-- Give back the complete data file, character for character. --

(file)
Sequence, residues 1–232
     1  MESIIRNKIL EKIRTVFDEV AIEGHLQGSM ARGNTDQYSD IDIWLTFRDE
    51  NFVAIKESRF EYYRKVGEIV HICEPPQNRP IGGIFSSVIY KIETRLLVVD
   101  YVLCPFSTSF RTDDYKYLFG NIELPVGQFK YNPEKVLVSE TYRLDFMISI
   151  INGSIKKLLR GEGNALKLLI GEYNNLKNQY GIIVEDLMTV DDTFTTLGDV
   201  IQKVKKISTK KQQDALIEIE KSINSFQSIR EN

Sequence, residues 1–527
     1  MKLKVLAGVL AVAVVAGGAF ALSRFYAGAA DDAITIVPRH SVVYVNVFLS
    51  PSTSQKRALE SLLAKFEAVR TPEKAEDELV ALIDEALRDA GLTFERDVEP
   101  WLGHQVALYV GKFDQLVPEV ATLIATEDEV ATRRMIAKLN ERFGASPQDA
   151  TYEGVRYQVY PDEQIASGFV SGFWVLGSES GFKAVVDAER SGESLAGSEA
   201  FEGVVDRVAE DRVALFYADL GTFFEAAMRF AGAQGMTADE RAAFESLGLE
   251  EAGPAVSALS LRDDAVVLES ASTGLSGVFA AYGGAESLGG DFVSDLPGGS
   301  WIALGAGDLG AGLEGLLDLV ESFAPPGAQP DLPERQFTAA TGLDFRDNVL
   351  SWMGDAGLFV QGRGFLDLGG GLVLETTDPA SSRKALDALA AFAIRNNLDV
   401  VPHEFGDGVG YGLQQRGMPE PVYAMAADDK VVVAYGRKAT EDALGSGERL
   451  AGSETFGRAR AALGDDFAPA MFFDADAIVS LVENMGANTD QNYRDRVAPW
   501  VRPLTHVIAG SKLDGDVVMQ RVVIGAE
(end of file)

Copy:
Sequence, residues 1–232
     1  MESIIRNKIL EKIRTVFDEV AIEGHLQGSM ARGNTDQYSD IDIWLTFRDE
    51  NFVAIKESRF EYYRKVGEIV HICEPPQNRP IGGIFSSVIY KIETRLLVVD
   101  YVLCPFSTSF RTDDYKYLFG NIELPVGQFK YNPEKVLVSE TYRLDFMISI
   151  INGSIKKLLR GEGNALKLLI GEYNNLKNQY GIIVEDLMTV DDTFTTLGDV
   201  IQKVKKISTK KQQDALIEIE KSINSFQSIR EN

Sequence, residues 1–527
     1  MKLKVLAGVL AVAVVAGGAF ALSRFYAGAA DDAITIVPRH SVVYVNVFLS
    51  PSTSQKRALE SLLAKFEAVR TPEKAEDELV ALIDEALRDA GLTFERDVEP
   101  WLGHQVALYV GKFDQLVPEV ATLIATEDEV ATRRMIAKLN ERFGASPQDA
   151  TYEGVRYQVY PDEQIASGFV SGFWVLGSES GFKAVVDAER SGESLAGSEA
   201  FEGVVDRVAE DRVALFYADL GTFFEAAMRF AGAQGMTADE RAAFESLGLE
   251  EAGPAVSALS LRDDAVVLES ASTGLSGVFA AYGGAESLGG DFVSDLPGGS
   301  WIALGAGDLG AGLEGLLDLV ESFAPPGAQP DLPERQFTAA TGLDFRDNVL
   351  SWMGDAGLFV QGRGFLDLGG GLVLETTDPA SSRKALDALA AFAIRNNLDV
   401  VPHEFGDGVG YGLQQRGMPE PVYAMAADDK VVVAYGRKAT EDALGSGERL
   451  AGSETFGRAR AALGDDFAPA MFFDADAIVS LVENMGANTD QNYRDRVAPW
   501  VRPLTHVIAG SKLDGDVVMQ RVVIGAE